Contact Importing

Google OAuth Developer Reviews Explained

Google has started to individually review apps requesting access to user's contact data. This tutorial walks you through how to prepare and apply for an app review.

When setting up your Google developer account you may see this ugly error after you attempt to import contacts using CloudSponge. This is a new normal requirement from Google to help protect users from malicious applications intending to exploit OAuth access to users’ data.

Google blogged about the security issue here. The gist is that Google wants to manually review your application before they permit you to access certain user data, and they are particularly sensitive about email addresses. The review process involves filling in a long form that describes your request and waiting 3 to 7 days for approval. This article should help you with filling in the form and with continuing to test while you wait.

During Testing

Until Google approves the review, your OAuth screen will display a strong warning page to users. It is still possible to proceed to the OAuth flow by clicking the “Advanced” link and then clicking “Continue to …”. This is acceptable for testing with a small group. However, it will discourage most users if the widget is deployed to production before Google has completed the review. Ask us about disabling Gmail imports until the review is complete, if you don’t want to hold up deploying the widget with other sources.


I granted consent, but I see an error in the widget: “Consent was not given to access your contacts or consent was revoked.”

This is usually because the Contacts API has not been enabled for your Google Project. Go to Google APIs and ensure that the Contacts API is enabled.

Requesting a Review

Google recommends that you don’t request a review unless you are publishing an app that will be used by many people. If you are only testing Google’s OAuth and APIs, you don’t need to go any further.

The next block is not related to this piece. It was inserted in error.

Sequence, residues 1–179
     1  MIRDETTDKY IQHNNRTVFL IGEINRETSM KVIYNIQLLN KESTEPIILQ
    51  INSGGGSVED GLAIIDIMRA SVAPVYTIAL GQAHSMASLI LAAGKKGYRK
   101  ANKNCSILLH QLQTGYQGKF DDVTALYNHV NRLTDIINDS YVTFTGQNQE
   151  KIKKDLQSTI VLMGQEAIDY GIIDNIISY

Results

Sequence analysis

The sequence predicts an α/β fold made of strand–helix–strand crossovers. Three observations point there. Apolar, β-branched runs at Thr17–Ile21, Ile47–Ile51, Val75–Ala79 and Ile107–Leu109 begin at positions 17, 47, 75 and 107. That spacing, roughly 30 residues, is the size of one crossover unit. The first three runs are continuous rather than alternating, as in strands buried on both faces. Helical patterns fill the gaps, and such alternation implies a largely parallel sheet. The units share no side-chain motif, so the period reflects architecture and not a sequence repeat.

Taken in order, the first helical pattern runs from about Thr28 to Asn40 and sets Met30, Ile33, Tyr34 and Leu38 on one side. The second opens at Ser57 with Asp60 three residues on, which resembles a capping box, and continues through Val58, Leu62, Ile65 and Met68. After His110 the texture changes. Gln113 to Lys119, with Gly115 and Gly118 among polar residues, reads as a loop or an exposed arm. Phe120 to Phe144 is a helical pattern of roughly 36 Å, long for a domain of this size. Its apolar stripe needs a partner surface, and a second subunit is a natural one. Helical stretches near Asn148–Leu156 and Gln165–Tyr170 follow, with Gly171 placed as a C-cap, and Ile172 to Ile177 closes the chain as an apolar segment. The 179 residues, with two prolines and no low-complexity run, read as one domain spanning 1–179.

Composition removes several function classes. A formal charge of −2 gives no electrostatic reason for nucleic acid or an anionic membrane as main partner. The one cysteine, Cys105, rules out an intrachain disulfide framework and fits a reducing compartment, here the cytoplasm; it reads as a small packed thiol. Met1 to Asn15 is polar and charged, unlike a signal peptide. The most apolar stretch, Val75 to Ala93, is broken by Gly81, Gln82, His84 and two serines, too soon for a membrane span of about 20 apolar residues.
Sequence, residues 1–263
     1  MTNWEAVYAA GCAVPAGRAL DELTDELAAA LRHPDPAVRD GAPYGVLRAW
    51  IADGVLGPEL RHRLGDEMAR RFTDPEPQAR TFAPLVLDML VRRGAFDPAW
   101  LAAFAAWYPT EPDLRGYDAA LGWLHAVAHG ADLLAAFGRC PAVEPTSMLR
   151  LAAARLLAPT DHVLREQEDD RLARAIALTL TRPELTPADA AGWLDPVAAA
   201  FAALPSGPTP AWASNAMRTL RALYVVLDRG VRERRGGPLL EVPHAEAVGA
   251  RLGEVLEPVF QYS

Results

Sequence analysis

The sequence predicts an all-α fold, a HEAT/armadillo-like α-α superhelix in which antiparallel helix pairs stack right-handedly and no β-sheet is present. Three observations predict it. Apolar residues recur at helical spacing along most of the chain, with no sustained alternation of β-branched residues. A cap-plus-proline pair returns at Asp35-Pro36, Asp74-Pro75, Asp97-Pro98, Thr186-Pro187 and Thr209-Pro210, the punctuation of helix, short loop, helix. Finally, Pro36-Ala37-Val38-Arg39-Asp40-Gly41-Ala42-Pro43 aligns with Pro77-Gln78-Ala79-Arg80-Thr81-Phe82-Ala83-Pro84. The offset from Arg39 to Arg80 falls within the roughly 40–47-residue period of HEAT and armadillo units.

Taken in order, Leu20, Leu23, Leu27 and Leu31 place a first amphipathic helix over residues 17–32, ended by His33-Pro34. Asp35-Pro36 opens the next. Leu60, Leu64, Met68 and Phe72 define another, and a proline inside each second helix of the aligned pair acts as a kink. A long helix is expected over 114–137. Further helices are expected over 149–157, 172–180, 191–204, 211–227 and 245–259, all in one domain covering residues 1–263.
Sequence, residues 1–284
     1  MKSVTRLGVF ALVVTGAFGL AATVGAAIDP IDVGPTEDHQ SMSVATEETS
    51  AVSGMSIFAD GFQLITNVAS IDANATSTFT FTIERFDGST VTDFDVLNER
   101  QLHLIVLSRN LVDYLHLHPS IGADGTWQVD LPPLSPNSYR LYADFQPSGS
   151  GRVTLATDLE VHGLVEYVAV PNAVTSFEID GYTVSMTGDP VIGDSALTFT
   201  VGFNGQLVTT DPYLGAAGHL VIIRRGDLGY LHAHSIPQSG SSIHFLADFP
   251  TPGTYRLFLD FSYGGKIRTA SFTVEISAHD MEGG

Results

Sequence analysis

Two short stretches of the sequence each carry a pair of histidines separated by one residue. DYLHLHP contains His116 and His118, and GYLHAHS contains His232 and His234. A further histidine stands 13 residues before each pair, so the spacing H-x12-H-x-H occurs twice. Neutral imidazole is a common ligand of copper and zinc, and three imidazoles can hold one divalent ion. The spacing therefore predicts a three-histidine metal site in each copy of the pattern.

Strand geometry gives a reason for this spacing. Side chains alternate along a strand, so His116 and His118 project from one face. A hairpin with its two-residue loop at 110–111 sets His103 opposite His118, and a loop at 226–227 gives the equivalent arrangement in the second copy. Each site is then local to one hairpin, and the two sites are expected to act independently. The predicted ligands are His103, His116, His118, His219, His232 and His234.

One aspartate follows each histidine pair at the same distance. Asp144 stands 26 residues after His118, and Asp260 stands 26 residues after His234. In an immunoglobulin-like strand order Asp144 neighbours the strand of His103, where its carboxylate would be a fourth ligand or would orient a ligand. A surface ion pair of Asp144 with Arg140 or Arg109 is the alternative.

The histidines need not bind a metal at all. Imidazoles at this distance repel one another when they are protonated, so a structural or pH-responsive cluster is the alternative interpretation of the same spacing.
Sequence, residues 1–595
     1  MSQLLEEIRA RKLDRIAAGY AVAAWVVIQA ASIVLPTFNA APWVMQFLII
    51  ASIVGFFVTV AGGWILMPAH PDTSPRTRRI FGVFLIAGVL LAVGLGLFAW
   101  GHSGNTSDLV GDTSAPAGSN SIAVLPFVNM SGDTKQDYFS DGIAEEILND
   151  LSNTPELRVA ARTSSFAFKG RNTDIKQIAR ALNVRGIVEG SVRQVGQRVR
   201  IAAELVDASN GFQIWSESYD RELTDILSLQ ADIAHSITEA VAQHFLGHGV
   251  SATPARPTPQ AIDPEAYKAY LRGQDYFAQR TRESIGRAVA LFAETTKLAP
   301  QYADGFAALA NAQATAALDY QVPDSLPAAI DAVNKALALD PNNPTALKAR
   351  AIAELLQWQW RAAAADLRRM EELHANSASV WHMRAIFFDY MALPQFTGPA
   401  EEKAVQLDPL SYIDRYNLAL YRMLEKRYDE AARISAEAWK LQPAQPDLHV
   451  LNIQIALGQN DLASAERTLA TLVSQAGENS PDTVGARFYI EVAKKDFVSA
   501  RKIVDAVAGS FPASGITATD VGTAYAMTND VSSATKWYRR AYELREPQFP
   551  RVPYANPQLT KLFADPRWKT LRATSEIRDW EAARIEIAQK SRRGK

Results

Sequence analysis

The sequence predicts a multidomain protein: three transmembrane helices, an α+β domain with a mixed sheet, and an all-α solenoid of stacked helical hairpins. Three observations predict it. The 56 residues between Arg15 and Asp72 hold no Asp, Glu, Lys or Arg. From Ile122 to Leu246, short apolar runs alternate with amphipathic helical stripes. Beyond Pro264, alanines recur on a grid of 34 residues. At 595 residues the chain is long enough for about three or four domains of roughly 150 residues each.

Before you request a review, ensure that you have set up your OAuth settings for production.

  • Complete the OAuth consent screen settings, including setting the privacy URL.
  • Ensure your production Authorized Redirect URI and Product Name are correct for your production environment. Changing either of these will disable your OAuth credential and trigger a new review by Google.
  • Verify website ownership through Search Console with an account that is either a Project Owner or a Project Editor on your Project.

Request the Review

Request a review on Google’s OAuth Developer Verification Form. Most of the fields should be self-explanatory.

There are two fields that are very important to get right:

  1. “What scopes does your app need to access?”
  2. “List the specific ways your app will use each of the scopes you’re testing”
    Here’s your chance to explain the use-case that is driving your usage of CloudSponge. One of Google’s major concerns is that your app is clear with end users about what data you are accessing and how you will use that data. Keep in mind Google’s priorities as stated in their User Data Policy and their blog on Setting User Expectations.

Once you have filled in the application form, submit it and wait for Google to respond. If they require more details from you, they will reply asking for clarification. Once they approve your request, you’ll be able to connect to your users Google address books in production.

Updating your OAuth Settings

If you need to make changes to your OAuth project, like updating what people see on the OAuth Consent Screen and/or the Authorized Origins or Redirect URIs, don’t make these changes directly in your developer account.

Instead, submit this update form to ask Google to update the fields for you.
If you change the fields directly in Google’s UI, it will invalidate your approved review and your users will see the warning again. Boo.

NB The execption to this is if you want to add scopes (i.e. to use a new Google API), then you’ll need to use the Google’s OAuth Developer Verification Form again and request a review for the new scopes.

Reach out to us if you have questions about the review process or encounter other scenarios that we haven’t covered here. I’m happy to edit this tutorial with updated information.

Graeme Rouse, CTO at CloudSponge

Follow @thunderouse


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